“In fact, some hotels have looked at options on how to change compensation. Some pay housekeepers or bonus them by how many rooms they complete within standards. This motivates them to be efficient. Another idea is a ‘Deep Cleaning’ strategy, i.e., deep cleaning some rooms each month rather than all at once since this is easier and cheaper in the long run.”

Hotels want to be greener, says Felicia Roy, trade advisor, Cascades Tissue Group, the largest producer of tissue paper in Canada. The company’s North River brand is 100 per cent recycled with third party certifications and the only brand to offset all electricity used for its production with Green-e renewable wind energy.

As an example of a time- and money-saving product, Roy suggests the Flex Wipes refillable wiper and bucket system that eliminates the need for open solution buckets, cleaning sprays and dirty rags. A clean, pre-saturated towel each time controls cross contamination while the bucket allows for easy placement on cleaning carts.

“Illness-causing germs may survive on hard surfaces for as long as 72 hours,” says Roy. “Statistics demonstrate the importance of surface cleaning in reducing the transmission of infectious disease in all types of hotel facilities.”

The Cascades’ Busboy colour-coded towel system along with proper sanitizing procedures can be a solution to help eliminate cross contamination, she says. This system identifies different cleaning tasks, for example in the kitchen and bar area, with specific colour-coded towels in a way that is simple to implement and easy to monitor.

Water heating

The biggest complaint from hoteliers seen by Trey Hoffman, global product manager for Rinnai America Corporation, is lack of hot water, which can be caused in three ways–through a broken hot water tank, undersized water heating technology, or a decline in capacity over time.

Assuming a property has been correctly assessed for capacity, Hoffman says a tankless water heater can offer a real advantage for the other two problems. Also known as an “on demand” or “instantaneous” water heater, a tankless unit heats water as it’s being used and is about the size of carry-on luggage.

“You’d need several tankless units–maybe four to 20 depending on number of rooms,” suggests Hoffman. “But the great thing is redundancy. If you have 10 units and one goes down or has an error code, you still have nine which should be enough to get by. If you have only two or three boilers though, your capacity is down by one-third to one-half, a much bigger impact.”

Hoffman also mentions condensing water heaters, which are from 90 to 98 per cent efficient compared to about 80 per cent efficiency without condensing technology. The newer technology basically captures the 20 per cent of heat lost to exhaust and transfers it to water through a secondary heat exchanger. For commercial operations with a $10,000 annual water bill, typical savings would be about 10 per cent, which can make the difference in cost for the unit, he says.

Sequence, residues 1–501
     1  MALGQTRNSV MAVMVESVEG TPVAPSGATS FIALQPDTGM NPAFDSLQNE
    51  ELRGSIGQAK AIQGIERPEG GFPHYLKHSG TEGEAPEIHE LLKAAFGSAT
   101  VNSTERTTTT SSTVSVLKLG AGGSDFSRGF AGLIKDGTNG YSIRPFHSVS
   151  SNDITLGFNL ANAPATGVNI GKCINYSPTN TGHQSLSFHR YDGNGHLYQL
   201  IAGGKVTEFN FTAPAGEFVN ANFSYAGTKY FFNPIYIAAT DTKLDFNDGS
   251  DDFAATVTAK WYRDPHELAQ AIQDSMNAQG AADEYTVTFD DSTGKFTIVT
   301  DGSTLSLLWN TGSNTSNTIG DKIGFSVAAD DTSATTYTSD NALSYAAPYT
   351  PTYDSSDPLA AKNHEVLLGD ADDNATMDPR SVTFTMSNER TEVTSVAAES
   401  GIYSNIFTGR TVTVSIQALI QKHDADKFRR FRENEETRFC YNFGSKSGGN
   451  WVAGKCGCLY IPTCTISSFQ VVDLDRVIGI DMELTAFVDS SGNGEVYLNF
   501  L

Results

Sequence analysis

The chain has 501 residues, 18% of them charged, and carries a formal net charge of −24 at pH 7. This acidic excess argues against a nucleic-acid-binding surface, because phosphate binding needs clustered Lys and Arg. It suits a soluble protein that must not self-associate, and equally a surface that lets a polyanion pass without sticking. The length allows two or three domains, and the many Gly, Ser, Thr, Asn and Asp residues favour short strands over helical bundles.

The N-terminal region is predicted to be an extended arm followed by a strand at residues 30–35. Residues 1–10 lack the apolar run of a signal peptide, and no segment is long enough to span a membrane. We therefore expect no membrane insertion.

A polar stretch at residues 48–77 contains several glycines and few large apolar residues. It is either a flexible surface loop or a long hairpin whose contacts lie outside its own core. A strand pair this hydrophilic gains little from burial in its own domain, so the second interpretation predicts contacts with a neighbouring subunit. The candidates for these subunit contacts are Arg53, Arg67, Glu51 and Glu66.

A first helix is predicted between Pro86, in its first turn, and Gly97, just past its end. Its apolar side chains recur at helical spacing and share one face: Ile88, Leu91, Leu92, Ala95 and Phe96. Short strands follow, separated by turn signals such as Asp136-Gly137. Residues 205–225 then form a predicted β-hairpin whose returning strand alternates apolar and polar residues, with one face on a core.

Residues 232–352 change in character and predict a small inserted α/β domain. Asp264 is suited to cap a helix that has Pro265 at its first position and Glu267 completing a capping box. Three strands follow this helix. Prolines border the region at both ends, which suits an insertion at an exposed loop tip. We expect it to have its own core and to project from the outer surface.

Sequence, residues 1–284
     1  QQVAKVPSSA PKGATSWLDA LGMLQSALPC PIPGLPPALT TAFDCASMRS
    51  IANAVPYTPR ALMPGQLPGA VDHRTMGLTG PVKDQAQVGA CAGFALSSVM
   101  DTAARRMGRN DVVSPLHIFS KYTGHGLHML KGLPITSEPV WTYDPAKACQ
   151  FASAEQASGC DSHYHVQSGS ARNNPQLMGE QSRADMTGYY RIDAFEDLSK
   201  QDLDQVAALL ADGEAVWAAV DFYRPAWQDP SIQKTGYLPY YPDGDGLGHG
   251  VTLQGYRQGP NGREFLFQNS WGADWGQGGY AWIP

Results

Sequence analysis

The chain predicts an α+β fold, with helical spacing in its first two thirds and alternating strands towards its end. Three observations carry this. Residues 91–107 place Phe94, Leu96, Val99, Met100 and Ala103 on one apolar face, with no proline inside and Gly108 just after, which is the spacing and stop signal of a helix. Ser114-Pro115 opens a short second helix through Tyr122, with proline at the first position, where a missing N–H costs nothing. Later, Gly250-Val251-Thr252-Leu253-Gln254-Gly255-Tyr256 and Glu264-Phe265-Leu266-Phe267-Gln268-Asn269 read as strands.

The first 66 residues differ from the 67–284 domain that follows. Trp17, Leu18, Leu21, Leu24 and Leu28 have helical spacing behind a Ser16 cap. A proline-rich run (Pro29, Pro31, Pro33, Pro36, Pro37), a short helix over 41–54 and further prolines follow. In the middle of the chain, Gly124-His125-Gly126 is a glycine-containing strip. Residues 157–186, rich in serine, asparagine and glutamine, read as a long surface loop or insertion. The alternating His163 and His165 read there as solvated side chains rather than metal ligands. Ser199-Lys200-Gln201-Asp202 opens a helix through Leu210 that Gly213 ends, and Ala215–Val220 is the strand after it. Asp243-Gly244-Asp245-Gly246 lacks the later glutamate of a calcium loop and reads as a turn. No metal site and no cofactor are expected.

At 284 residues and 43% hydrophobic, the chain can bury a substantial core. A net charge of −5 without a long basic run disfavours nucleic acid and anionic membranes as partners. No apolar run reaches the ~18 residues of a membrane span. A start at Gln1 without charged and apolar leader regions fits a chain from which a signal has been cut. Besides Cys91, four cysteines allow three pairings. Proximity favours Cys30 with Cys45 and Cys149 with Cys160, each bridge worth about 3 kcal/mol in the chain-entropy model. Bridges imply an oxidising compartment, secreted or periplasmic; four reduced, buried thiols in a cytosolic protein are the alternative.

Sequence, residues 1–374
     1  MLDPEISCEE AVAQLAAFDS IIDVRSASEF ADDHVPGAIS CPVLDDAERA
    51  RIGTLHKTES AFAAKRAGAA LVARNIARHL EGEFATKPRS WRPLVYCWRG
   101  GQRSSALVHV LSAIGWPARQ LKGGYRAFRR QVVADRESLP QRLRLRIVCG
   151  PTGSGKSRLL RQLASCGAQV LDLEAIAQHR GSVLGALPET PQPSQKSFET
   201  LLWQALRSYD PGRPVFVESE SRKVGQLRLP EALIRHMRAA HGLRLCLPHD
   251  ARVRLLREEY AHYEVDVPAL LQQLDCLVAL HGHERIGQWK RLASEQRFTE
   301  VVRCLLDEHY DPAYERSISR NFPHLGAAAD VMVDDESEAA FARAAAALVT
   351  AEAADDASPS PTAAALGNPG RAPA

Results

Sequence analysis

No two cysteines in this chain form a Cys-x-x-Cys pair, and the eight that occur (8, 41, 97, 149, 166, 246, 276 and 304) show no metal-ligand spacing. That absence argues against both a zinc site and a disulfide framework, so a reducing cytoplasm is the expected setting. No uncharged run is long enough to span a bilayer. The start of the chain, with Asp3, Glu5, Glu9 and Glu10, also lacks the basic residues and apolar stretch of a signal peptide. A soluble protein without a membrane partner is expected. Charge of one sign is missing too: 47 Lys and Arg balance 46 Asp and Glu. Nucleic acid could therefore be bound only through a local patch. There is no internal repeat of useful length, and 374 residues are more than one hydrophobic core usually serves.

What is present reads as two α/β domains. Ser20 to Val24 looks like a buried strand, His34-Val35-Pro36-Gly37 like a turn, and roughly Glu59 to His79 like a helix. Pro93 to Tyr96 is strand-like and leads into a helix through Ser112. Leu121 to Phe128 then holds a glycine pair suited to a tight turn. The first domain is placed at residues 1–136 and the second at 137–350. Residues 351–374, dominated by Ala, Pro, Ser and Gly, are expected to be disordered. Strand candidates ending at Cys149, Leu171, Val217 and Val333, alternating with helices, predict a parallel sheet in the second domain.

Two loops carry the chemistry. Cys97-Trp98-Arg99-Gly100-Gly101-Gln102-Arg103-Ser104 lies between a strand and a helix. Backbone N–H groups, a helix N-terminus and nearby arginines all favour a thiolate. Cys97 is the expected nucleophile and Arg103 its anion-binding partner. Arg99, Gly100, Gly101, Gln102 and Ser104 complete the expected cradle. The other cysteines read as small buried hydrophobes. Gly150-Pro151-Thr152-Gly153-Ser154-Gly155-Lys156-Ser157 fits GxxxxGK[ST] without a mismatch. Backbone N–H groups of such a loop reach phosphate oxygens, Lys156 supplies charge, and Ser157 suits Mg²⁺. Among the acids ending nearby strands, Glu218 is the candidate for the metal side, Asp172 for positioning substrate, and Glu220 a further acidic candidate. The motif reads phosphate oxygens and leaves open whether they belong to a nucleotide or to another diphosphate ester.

The two most recently built Le Germain boutique hotels in Calgary and in Toronto, and the company’s ALT Hotel chain were designed and built for environmental conservation and efficiency, says Stacey Masson, national director of communications, Groupe Germain Hospitality. All laundering processes chain wide are done in-house for quality control and the water used in the washing machines at the newest hotels is heated with geothermal energy with the heat recovered once the water has been used.

It is easy for hoteliers and suppliers to forget how the scale of laundry/housekeeping requirements can awe guests who think in terms of residential applications. But since these departments are so integral to the business, they play an important role in guest satisfaction, which plays to the bottom line.

Gerry McMaster of Atlific Hotels and Ocean Properties recalls the time a guest who loved the quality and presentation of linens during her stay wanted to visit the laundering plant in Toronto to purchase their laundry soap and see the “ironing board” used for the sheets. He showed her around, explained they use 208-litre drums of various chemicals and that the ironing is done with a $135,000 Flatwork Ironer that dries, presses and folds 600 sheets per hour. He suggested he could obtain one for her if she liked. She left suitably impressed by the guest relations!

Four Keys to a Lean Laundry
Operation

John Enright, technical representative, Harco Co Ltd, has a few suggestions for a leaner laundry operation.

“The key is for the owner to know as much as possible in terms of how many pounds of goods he needs to wash and how much labour he needs. For the laundry team, it is not about washing and drying and folding; it is a material handling job and a mindset of how many pieces do I need to produce to meet the demand,” says Enright.

1.   I see growing laundry volumes as franchisors and independent properties raise linen profiles with higher thread counts, duvets on beds, and triple sheeting. While this helps sell rooms, it has a huge impact at the back of the hotel because the laundry has not been upgraded to process the increased volume. For example, there may be a 20 per cent increase in room linen volume but no corresponding increase in machinery or people to process it.

2.   Leasing is a great way to upgrade laundry machinery because it defers lines of credit and makes big ticket items more affordable. I urge every owner, manager or operator to explore the leasing option.

3.   Invest in machinery with programmable features. If a washer can be set to reduce each rinse by two minutes, a fill step by 30 seconds and provide quicker drain responses, at the end of the day that washer extractor has saved the hotelier a good half hour or more (labour-money). Most newer washers have an inverter drive that cuts electricity bills by a third.

4.   It’s not for everyone but with the right volume an ozone laundry system is an excellent way to save up to 70 per cent on hot water usage, and provide longer linen life and cleaner linens.